For instance, you have a planet where there are four species, each of which speaks its own language, and each language is further divided into multiple dialects. Question: how many of those different tongues do you need to invent? All? The most important? Any at all?

The answer is ultimately informed by the stories you wish to tell in that world, but reflexively, what you ultimately create and detail will begin to shape those stories. Everytime you define something about your world, it is like a cornerstone, an orientation point: it begins to influence all the world’s other elements, particularly those which you have yet to define.

This iterative process can be great fun. It can also consume a great amount of time. So here’s the challenge that we will address: how do you make your world rich, consistent, exciting, novel, relatable, original…and do so in a manner that involves a reasonable amount of time and effort?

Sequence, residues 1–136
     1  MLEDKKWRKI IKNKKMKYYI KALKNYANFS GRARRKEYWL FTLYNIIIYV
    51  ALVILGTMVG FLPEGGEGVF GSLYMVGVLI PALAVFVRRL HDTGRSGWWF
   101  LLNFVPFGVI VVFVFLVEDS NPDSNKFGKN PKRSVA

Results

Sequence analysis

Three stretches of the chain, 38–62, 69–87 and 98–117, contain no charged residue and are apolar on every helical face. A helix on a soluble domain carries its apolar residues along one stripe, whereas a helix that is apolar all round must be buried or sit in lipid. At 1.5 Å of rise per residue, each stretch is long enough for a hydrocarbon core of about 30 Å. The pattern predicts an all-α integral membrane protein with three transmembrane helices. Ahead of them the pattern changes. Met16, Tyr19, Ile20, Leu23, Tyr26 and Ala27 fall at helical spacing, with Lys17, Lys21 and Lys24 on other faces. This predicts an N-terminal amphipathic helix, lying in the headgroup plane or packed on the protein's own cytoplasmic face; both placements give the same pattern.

We’ll use familiar science fictional and fantasy worlds as our basis of examining the needs of worldbuilding for different media, but most especially, we’ll be focusing on the written narrative and together explore and take a test drive through the incredible possibilities and pitfalls of serious and yet disciplined worldbuilding.